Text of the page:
Law Practice Magazine
Retirement Special Issue
Your Next Managing Partner
Succession Planning Strategies: Dos and Don'ts.
Succession Planning Strategies: Dos and Don'ts.
To capitalize or not to capitalize? That is the question-well, at least when you're trying to get somewhere on the Internet. Here's advice about using the shifty Shift key.
Living in a world of tiny Crackberry keyboards, instant messaging and emoticons causes some of us to occasionally throw the rules of capitalization out the window when we're online. It's true that this is much less likely to cause a problem now compared to a few years ago. But you should still take care in using uppercase versus lowercase because it can matter in e-mail and Web addresses in some instances.
Fortunately, by remembering a few simple rules you should be able to avoid problems. First, let's deal with Web site addresses, or URLs as they are technically known.
A URL (for Universal Resource Locator) is simply a friendly version of an Internet address that takes you to a particular page on a Web site. This can be a home page or any page deeper within a site.
You never have to worry about capitalization if you are using only a top-level domain name—that is, a URL ending in .com, .net, .org, .biz and the like, including country-specific domains such as .ca or .us and so on. Using my firm's site address as an example, www.practicepro.ca is the same as www.practicePRO.ca, WWW.PRACTICEPRO.CA or even WwW.pRaCtIcEpRo.Ca.
In some instances, however, when a URL includes a specific directory or file name, case does matter. If the characters following the right-most slash ("/") in your URL include a .htm, .html, .pdf, .asp or other three- or four-letter extension, you are entering a URL for a specific file. Depending on the type of operating system and Web server setup in use, the directory and file name portions of a URL can be case sensitive. Windows servers do not differentiate between uppercase and lowercase, but Unix/Linux servers do.
Bearing in mind that Web site design conventions dictate that consistency should be followed, the best practice is generally to make all letters of a URL lowercase. But, of course, not everyone follows the best practices.
Why do people include mixed capitals and lowercase letters? They actually have good intentions and are following a common practice in the computer world of using capitals to make multiple words strung together more readable. This is called Pascal Notation.
For example, www.ThisSampleWebAddressIsVeryLong.com is much easier to read than www.thissamplewebaddressisvery long.com.
Another option is using underscores to make things more readable, such as in www.sample_web_url.com. But as many have learned, underscores can be confusing when the URL appears in underlined form in a document, since they look like blanks or spaces in the URL: www.sample_web_url.com.
Accordingly, here's what you do if you get the dreaded "HTTP 404 - File not found" error message when you're trying to connect to a URL that includes a specific file name: Check not only that you typed the URL correctly, but also particularly check for underscores and correct capitalization if your URL includes some uppercase letters. There is a chance that a missing underscore or wrong case is the reason you aren't connecting to that page.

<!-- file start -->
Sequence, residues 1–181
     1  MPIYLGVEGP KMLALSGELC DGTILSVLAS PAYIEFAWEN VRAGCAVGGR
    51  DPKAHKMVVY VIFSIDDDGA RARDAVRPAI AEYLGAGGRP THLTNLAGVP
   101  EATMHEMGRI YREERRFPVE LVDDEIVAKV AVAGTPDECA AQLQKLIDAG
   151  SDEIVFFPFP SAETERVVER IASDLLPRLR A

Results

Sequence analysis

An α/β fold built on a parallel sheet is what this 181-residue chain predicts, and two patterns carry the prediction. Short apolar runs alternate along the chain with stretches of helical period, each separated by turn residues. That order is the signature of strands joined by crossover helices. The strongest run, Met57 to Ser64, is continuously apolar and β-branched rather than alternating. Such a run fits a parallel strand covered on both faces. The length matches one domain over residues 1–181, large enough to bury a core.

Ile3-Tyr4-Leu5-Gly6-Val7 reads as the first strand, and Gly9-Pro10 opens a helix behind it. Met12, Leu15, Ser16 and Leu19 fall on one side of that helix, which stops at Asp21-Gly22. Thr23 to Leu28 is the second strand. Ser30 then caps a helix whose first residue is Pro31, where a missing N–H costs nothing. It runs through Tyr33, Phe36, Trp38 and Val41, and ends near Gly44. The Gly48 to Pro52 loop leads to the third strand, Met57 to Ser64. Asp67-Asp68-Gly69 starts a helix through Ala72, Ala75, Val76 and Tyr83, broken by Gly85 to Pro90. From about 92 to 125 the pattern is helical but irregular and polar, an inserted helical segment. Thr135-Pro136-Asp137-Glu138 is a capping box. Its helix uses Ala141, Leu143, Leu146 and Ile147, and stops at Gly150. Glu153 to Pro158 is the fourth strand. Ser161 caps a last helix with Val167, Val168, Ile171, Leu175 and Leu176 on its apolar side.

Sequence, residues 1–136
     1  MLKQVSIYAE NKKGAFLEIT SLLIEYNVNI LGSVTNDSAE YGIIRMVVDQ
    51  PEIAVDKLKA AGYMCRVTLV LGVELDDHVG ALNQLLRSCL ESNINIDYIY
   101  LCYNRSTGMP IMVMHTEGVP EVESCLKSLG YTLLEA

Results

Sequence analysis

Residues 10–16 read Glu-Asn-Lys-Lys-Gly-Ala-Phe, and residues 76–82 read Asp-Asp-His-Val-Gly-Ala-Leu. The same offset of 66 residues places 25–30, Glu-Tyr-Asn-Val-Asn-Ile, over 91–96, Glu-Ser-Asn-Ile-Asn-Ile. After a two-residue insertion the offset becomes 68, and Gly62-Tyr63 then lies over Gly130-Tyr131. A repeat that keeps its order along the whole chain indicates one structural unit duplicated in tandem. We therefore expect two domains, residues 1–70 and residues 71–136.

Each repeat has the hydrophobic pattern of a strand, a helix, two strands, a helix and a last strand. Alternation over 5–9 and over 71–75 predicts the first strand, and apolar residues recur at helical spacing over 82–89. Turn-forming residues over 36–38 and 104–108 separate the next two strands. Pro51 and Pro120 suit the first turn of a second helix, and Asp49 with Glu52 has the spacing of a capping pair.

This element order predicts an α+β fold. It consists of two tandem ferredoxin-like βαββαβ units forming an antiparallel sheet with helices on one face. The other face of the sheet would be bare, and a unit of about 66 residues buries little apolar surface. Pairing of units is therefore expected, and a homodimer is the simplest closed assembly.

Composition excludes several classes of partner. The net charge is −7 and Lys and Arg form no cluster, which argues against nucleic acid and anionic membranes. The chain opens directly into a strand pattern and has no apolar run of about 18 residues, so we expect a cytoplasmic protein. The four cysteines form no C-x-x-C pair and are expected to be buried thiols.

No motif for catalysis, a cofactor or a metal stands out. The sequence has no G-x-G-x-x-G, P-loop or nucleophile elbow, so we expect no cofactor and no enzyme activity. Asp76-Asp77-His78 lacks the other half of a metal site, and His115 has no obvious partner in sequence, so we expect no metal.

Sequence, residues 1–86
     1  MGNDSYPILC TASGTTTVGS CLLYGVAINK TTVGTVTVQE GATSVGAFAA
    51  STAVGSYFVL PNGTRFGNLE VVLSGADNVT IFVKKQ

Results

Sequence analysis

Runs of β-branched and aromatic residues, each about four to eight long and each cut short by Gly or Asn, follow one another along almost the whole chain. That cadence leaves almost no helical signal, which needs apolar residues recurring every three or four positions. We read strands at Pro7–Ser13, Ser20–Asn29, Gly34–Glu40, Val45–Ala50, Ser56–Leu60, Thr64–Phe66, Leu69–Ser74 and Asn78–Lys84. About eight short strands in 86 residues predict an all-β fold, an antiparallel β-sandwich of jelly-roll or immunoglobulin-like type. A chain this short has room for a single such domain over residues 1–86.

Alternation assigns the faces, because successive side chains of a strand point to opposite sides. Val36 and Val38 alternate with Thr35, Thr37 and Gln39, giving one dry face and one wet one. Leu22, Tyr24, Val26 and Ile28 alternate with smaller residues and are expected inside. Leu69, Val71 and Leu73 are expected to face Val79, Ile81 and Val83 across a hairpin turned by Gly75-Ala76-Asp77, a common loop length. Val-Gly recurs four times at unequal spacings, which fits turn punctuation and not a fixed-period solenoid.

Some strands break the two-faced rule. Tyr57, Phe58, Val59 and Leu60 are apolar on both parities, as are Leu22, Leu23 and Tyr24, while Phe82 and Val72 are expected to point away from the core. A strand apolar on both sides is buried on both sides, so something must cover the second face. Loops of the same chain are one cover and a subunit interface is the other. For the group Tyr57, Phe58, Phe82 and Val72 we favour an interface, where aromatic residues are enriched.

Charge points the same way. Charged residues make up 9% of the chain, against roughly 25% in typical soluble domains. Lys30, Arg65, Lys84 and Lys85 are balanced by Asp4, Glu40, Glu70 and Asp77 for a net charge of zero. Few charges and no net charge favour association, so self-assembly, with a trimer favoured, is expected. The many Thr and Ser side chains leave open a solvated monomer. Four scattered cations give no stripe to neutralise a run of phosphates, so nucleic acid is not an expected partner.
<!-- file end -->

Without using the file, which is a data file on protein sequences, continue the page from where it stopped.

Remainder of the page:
And here's a further trick for when you're having trouble connecting to a very long URL that you manually typed (or that someone else programmed as a link on a Web page, for that matter). One by one, starting at the right end of the URL, delete each part of the URL after the successive /'s and see if your browser can find the site. Hit Enter after deleting each successive part of the URL to search for that page. You will often be able to connect to the site on a page that is one or more levels above your page. You can then dig deeper for the specific page to which you were trying to connect.
As an aside, if you're including a URL on your business card or in an article or similar type of document, remember that you don't have to include the http:// portion of the URL. I don't know about you, but this is really good news for me because I can never remember if it is // or \\.
When dealing with e-mail addresses, remember that any part after the @ sign will never be case sensitive. However, although it will be very rare, case may matter for the part of the e-mail address before the @ sign.
Another instance where case matters in e-mail relates to a too commonly overlooked rule of Netiquette (that is, etiquette on the 'Net): I'm talking about the use of capital letters in the text of an e-mail message. Please note: You should only rarely type e-mail messages in uppercase letters. Typing something in uppercase is considered the textual equivalent of shouting. On the Internet you should shout only if you really want to emphasize something—and you should do this sparingly—or if you are very mad—and you should do that even more sparingly (or not at all).
If you really feel the need to type everything in capitals, just do it—get it out of your system. But don't send the message afterward. Instead, save it to your drafts folder and take a second look at it when you've cooled down a bit. If you haven't cooled down after a reasonable time, consider a phone call or the sneaker-net instead of an e-mail because any issue that hot should be dealt with in a more direct fashion.
Thus, with a few exceptions, you can avoid problems with URLs and e-mail addresses if you stick to lowercase. Again, these exceptions may arise when you are dealing with the folder or file name portion of a URL or, on very rare occasions, the name portion of an e-mail address.
So in sum, frequently capitals letters don't matter at all, but it is safer just to stay away from that shifty Shift key.